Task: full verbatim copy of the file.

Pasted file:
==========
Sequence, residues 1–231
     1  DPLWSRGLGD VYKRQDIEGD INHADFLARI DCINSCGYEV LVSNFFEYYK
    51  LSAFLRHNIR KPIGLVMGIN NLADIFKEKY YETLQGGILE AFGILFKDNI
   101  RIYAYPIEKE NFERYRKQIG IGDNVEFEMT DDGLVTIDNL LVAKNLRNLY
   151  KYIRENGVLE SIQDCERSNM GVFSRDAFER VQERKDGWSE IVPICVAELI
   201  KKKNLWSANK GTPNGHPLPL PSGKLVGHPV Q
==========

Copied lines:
Sequence, residues 1–231
     1  DPLWSRGLGD VYKRQDIEGD INHADFLARI DCINSCGYEV LVSNFFEYYK
    51  LSAFLRHNIR KPIGLVMGIN NLADIFKEKY YETLQGGILE AFGILFKDNI
   101  RIYAYPIEKE NFERYRKQIG IGDNVEFEMT DDGLVTIDNL LVAKNLRNLY
   151  KYIRENGVLE SIQDCERSNM GVFSRDAFER VQERKDGWSE IVPICVAELI
   201  KKKNLWSANK GTPNGHPLPL PSGKLVGHPV Q